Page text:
›› Retake ‹‹

a film by Nick Corporon.

2016 | 98 mins | US.

a beautifully played drama about relationships past and present.

principal players: Tuc Watkins / Jonathan, Devon Graye / the man for hire, Derek Phillips / James, Sydelle Noel / Iris,
Kit Williamson / Scotty and Andrew Asper as Brandon.

Official Synopsis:

A lonely, middle-aged man hires a male prostitute to recreate a road trip from his past.

Dave says:

Like countless features before, this is one of those films that walks the familiar cinematic ground of two strangers who meet and whose lives thereafter, will never be the same again. Only in director Nick (Last Call) Corporon's hands, this classic theme is delivered from a notably different angle, given it's not every day that the protagonist hires a male prostitute to be his companion on a road trip of a lifetime, or as in this case to the Grand Canyon. Yet like all road trip narratives, it's the journey that counts, with man of mystery Jonathan setting the ground rules to rent boy "Brandon" from day one, namely: 1) that he never asks any personal questions, 2) that he does anything he's asked to do and 3) he keeps "in character" all of the time. And that's the kicker, given Jonathan wants the hired help to role play the character - Brandon. It's an act that for the right price, he's more than happy to do, until naturally curiosity gets the better of him about who the real Bandon was and what happened to him?

Yet as poignant as the screenplay is, what really makes this film work is the wonderful interplay between leads Tuc Watkins and Devon Graye, with Watkins dare I say, ever the "straight man" of the piece; serious, somewhat sad and sticking rigidly to a strict schedule of "photographic places of times past", only for Graye as "the man for hire" to put a spanner in the works by way of his sheer love of life; be it a romantic sunset, skinny-dipping in a closed hotel pool or just dancing the night away. Frankly, it's a great double act, one that as the journey progresses, cannot help but make you wonder if the two could be becoming one? For it's in those sweet 'n' tender moments when the two are just themselves that their masks finally slip, showcasing a loving care for each other that goes well beyond the transactional nature of their almost "master / slave" relationship.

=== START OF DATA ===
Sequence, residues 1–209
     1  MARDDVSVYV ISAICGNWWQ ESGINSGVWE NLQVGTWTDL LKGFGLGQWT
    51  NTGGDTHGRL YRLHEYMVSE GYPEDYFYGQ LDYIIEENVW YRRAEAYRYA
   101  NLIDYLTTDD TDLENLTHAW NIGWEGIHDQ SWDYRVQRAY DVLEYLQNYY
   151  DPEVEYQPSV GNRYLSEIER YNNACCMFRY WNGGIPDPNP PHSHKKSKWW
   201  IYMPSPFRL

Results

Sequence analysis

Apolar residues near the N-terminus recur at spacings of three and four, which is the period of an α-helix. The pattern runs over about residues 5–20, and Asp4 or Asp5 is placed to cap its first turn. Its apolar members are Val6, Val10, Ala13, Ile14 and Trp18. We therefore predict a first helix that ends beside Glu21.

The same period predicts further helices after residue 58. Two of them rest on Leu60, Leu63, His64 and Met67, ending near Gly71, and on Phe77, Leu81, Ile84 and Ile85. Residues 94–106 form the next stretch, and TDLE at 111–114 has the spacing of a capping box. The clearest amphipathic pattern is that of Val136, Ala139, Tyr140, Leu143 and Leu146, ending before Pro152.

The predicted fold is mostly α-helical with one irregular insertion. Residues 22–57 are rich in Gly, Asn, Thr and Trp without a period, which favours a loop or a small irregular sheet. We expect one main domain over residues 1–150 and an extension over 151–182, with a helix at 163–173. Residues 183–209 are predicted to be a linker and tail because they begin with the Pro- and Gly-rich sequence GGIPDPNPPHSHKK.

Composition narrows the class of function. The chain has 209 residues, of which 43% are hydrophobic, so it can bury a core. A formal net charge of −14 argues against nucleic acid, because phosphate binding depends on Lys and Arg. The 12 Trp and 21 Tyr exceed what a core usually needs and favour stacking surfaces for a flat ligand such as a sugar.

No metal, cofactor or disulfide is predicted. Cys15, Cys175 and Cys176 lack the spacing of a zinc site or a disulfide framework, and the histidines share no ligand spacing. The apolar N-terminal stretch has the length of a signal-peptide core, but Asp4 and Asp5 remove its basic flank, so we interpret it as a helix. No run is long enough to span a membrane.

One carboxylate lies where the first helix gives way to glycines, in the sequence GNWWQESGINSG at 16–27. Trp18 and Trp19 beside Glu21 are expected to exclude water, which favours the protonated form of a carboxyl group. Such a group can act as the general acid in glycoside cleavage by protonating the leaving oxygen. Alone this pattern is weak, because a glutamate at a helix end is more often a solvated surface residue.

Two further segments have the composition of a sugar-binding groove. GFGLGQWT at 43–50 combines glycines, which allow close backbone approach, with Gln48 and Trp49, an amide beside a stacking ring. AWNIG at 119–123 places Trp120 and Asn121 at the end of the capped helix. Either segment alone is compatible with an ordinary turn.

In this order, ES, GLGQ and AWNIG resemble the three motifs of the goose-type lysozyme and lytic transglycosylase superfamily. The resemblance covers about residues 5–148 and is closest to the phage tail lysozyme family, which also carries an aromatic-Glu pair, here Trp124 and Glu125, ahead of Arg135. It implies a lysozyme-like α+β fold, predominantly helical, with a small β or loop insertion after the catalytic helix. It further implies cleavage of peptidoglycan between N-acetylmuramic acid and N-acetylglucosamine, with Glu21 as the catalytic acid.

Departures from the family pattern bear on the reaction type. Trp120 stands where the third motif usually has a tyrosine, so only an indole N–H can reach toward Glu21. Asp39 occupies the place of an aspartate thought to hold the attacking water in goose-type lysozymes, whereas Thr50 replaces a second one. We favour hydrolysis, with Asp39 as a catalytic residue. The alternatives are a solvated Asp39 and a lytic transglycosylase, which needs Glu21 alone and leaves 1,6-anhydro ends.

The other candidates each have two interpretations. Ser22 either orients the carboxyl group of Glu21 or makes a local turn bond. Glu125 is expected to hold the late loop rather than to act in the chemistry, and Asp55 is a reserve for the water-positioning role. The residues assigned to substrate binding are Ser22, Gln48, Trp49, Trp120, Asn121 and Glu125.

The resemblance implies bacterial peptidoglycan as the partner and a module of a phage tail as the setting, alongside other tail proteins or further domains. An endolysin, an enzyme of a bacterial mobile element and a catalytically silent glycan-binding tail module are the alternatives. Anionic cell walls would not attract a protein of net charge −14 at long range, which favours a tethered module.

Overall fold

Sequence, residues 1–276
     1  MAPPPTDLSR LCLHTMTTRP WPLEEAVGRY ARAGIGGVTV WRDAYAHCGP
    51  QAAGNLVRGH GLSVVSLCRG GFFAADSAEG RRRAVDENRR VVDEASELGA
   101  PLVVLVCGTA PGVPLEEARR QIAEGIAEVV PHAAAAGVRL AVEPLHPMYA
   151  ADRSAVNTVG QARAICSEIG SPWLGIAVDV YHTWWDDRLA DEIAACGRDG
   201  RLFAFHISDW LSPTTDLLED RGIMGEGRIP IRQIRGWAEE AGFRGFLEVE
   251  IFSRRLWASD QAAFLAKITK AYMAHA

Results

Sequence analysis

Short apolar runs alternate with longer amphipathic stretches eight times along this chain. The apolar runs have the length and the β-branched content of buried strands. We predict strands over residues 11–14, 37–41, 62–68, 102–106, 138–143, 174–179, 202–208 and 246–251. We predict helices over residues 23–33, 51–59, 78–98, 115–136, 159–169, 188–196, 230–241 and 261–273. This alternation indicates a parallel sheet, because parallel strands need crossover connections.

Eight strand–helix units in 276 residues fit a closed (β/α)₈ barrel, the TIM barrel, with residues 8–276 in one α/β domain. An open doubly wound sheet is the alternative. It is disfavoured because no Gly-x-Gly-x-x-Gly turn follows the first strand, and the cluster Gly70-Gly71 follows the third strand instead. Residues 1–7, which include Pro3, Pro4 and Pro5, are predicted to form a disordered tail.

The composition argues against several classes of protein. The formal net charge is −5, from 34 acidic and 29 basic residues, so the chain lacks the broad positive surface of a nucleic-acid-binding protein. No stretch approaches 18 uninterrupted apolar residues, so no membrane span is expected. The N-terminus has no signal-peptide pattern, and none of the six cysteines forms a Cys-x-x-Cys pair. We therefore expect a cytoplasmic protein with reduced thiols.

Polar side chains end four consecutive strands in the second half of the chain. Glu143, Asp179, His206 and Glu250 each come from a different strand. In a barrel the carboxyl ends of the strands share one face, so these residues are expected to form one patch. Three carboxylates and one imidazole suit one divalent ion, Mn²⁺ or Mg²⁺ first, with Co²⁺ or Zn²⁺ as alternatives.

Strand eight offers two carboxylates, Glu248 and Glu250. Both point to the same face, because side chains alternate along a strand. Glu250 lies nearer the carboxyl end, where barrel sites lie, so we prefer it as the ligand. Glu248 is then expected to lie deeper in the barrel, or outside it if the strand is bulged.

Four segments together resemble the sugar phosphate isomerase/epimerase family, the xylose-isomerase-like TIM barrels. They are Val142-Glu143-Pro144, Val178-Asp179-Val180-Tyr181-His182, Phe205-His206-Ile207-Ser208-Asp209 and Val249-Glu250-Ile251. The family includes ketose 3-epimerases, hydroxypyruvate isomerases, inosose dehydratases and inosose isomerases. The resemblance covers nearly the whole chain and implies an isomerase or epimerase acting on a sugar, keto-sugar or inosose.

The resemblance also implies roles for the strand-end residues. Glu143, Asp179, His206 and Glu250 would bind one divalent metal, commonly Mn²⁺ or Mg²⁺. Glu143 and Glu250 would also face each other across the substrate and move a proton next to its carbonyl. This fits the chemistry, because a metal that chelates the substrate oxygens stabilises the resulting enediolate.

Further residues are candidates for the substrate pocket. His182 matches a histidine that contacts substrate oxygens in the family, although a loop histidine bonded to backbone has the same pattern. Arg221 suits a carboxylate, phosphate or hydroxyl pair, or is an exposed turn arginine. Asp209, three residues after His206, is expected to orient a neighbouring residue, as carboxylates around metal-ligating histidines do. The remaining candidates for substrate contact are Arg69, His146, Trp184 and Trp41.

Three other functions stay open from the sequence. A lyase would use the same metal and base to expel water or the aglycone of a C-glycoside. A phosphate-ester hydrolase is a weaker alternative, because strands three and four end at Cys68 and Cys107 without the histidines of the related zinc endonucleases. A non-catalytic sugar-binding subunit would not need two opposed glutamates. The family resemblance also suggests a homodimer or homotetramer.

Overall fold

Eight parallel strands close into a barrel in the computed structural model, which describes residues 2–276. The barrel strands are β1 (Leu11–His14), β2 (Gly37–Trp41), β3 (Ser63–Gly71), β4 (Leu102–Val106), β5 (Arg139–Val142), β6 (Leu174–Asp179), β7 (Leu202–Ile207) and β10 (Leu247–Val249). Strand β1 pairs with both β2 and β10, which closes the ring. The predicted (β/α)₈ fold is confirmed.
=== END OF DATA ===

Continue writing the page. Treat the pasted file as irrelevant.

Complete with a series of picturesque, if not "tourist like" shots, together with flashback sequences of the real Brandon as the background to his character is slowly revealed, this is a film that has a lot going for it. True, Jonathan's raison d'etre is perhaps all too obvious, given and with a spoiler alert firmly in place, this is a film about all moving on from the loss of a loved one and moreover the difficulty in doing so, with Jonathan either unable or unwilling to do so, ever remembering the relationship he once had and in this case, literally re-living it, right down to using an old Polaroid camera he had in days gone by. The result is a beautifully played drama about relationships past and present and one that like life itself, is both bitter and sweet. In short, there's a lot to like here.

Gay Visibility - overt. 
Nudity - bare-arsed cheek. 
Overall - file under ... 3+ stars. 

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